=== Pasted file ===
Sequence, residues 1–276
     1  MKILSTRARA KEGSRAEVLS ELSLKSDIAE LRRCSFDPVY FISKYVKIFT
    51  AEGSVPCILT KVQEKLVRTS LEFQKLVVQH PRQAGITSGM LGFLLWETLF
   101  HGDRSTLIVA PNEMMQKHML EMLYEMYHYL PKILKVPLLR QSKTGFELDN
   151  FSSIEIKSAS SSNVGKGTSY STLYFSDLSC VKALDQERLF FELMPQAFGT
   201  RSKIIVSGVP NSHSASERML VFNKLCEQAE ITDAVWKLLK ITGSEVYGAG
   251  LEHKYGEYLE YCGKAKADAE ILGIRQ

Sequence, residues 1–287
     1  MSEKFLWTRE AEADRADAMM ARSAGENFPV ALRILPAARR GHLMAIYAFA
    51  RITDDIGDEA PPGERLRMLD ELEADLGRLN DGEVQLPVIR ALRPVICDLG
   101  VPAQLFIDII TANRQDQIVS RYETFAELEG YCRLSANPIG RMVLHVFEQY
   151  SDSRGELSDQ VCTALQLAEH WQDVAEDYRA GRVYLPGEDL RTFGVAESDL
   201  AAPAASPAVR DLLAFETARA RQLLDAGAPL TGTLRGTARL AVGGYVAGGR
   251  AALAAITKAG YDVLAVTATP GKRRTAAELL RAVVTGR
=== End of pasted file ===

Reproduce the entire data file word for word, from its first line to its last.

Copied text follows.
Sequence, residues 1–276
     1  MKILSTRARA KEGSRAEVLS ELSLKSDIAE LRRCSFDPVY FISKYVKIFT
    51  AEGSVPCILT KVQEKLVRTS LEFQKLVVQH PRQAGITSGM LGFLLWETLF
   101  HGDRSTLIVA PNEMMQKHML EMLYEMYHYL PKILKVPLLR QSKTGFELDN
   151  FSSIEIKSAS SSNVGKGTSY STLYFSDLSC VKALDQERLF FELMPQAFGT
   201  RSKIIVSGVP NSHSASERML VFNKLCEQAE ITDAVWKLLK ITGSEVYGAG
   251  LEHKYGEYLE YCGKAKADAE ILGIRQ

Sequence, residues 1–287
     1  MSEKFLWTRE AEADRADAMM ARSAGENFPV ALRILPAARR GHLMAIYAFA
    51  RITDDIGDEA PPGERLRMLD ELEADLGRLN DGEVQLPVIR ALRPVICDLG
   101  VPAQLFIDII TANRQDQIVS RYETFAELEG YCRLSANPIG RMVLHVFEQY
   151  SDSRGELSDQ VCTALQLAEH WQDVAEDYRA GRVYLPGEDL RTFGVAESDL
   201  AAPAASPAVR DLLAFETARA RQLLDAGAPL TGTLRGTARL AVGGYVAGGR
   251  AALAAITKAG YDVLAVTATP GKRRTAAELL RAVVTGR